To argue a date before the 2ndC BC is possible, by reference to various details in other sections.  Most of these have already been mentioned but some among them are  (i)  the inclusion of an unmistakeably Egypto-Phoenician ‘bearded sun’ on folio 67v-2 ; (ii)  similarity between the Voynich ‘angel with the wand’ and  Nearchus’ medal and (iii) the form given the calendar’s feline, though the last is the least unequivocal.

For  a date later than the 2ndC BC as the earliest informing the imagery I can find little support in the internal evidence.  One might refer to Paul of Tarsus’ recording, in the 1stC AD, that a ship in which he sailed bore the ‘sign’ or figurehead of the Twin Brothers. (Acts, 28:11) – which indicates that among mariners the Twins’  older character was still remembered.   A papyrus codex from the following century, made in Alexandria, has extrapolated dimensions (the lower edge being damaged) of 280mm and 160mm, the latter exactly that of standard folios in Beinecke MS 408: [3

280-285 mm is one of the standard measures for the height of papyrus produced before the eleventh century in Egypt.  Again from the Cairo geniza a fragment of paper is said to have dimensions close to those of the ordinary folios of Beinecke MS 408.[4]

While I’ve seen no detailed study done of whether the old sizes of papyrus became those of papers produced after the eleventh century (when papyrus ceased to be produced) it may have come first with other exotics brought from Cairo, to Sicily and southern Italy:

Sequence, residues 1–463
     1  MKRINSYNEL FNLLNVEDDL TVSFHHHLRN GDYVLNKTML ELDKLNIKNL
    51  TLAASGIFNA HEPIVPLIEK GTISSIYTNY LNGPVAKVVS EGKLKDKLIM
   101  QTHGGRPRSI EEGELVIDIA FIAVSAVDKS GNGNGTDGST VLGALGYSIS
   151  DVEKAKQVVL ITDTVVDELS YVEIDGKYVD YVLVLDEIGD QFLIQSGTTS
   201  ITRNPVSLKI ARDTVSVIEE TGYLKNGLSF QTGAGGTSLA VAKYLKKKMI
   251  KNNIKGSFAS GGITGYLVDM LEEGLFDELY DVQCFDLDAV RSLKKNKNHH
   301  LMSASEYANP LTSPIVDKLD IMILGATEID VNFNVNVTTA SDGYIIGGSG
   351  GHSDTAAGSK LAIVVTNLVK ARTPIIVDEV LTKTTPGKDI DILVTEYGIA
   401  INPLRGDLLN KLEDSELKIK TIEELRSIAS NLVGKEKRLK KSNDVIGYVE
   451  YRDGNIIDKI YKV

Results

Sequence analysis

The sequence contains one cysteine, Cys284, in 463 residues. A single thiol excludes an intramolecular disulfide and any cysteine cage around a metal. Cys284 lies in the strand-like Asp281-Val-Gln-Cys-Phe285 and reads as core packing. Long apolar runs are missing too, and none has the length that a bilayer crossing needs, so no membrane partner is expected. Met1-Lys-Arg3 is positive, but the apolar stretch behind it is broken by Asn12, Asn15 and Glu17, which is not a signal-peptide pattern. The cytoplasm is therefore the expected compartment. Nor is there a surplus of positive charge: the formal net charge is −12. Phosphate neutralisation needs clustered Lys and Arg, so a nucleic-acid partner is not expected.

Paper began to be used in Italy at the very end of the 11th century, first in Sicily, where the Normans followed Arab custom, and then in the northern trading cities. In the first half of the 13th century some paper was briefly made near Genoa, probably following Spanish techniques, but the major center of Italian paper manufacture developed after 1276 at Fabriano, in central Italy.[5]

Thereafter,  280mm becomes a standard dimension of Jewish manuscripts, and the Jews are noted as being among the earliest makers of paper elsewhere in Latin Europe. [6]

I do not think it unreasonable to consider the possibility – even the probability – that the matter now in Beinecke MS 408 came from exemplars that had been on paper or on papyrus before the present version was made on coarse vellum in the earlier part of the fifteenth century.

But given that the  older Hellenistic forms for, and conceptions of, the Dioscuri find scarcely[7] any echo in Christian Europe, and certainly I’ve seen no evidence for those jagged haircuts or for ‘bowed’  Polydeuces in Latin lore, so to maintain a theory of the work as a product of some medieval Christian ‘author’ must depend more on the proponent’s determination than the evidence provided by the primary document and its imagery.[8]

 

___________

NOTES

[1] The poet Simonides who was not properly recompensed by his patron, and who was then rescued by the Dioscuri from the building’s collapse which killed that patron, is usually said to have been rescued because his poem praised them.  It is equally likely that part of their role as patrons of the trader and traveller was to punish those attempting to default on payments promised. On Simonides see e.g.  J. H. Molyneux, ‘Simonides and the Dioscuri, Phoenix, Vol. 25, No. 3 (Autumn, 1971), pp. 197-205.
[2] Details are in Richard Hinkley Allen, Star Names, their Lore and Meaning, p.234.